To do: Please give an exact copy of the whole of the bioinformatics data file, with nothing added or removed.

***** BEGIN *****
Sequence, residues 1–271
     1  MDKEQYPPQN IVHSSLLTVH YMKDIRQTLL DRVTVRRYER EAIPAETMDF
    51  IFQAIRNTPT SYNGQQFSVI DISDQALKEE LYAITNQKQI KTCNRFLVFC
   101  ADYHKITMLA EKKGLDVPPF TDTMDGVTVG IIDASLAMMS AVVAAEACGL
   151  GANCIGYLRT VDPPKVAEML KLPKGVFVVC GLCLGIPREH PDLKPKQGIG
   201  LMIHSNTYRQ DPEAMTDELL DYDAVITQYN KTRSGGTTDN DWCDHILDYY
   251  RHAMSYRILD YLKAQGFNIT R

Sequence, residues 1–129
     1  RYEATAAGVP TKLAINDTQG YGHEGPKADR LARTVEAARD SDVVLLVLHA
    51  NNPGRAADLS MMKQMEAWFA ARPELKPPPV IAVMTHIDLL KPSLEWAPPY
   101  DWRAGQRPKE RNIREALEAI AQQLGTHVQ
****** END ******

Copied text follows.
Sequence, residues 1–271
     1  MDKEQYPPQN IVHSSLLTVH YMKDIRQTLL DRVTVRRYER EAIPAETMDF
    51  IFQAIRNTPT SYNGQQFSVI DISDQALKEE LYAITNQKQI KTCNRFLVFC
   101  ADYHKITMLA EKKGLDVPPF TDTMDGVTVG IIDASLAMMS AVVAAEACGL
   151  GANCIGYLRT VDPPKVAEML KLPKGVFVVC GLCLGIPREH PDLKPKQGIG
   201  LMIHSNTYRQ DPEAMTDELL DYDAVITQYN KTRSGGTTDN DWCDHILDYY
   251  RHAMSYRILD YLKAQGFNIT R

Sequence, residues 1–129
     1  RYEATAAGVP TKLAINDTQG YGHEGPKADR LARTVEAARD SDVVLLVLHA
    51  NNPGRAADLS MMKQMEAWFA ARPELKPPPV IAVMTHIDLL KPSLEWAPPY
   101  DWRAGQRPKE RNIREALEAI AQQLGTHVQ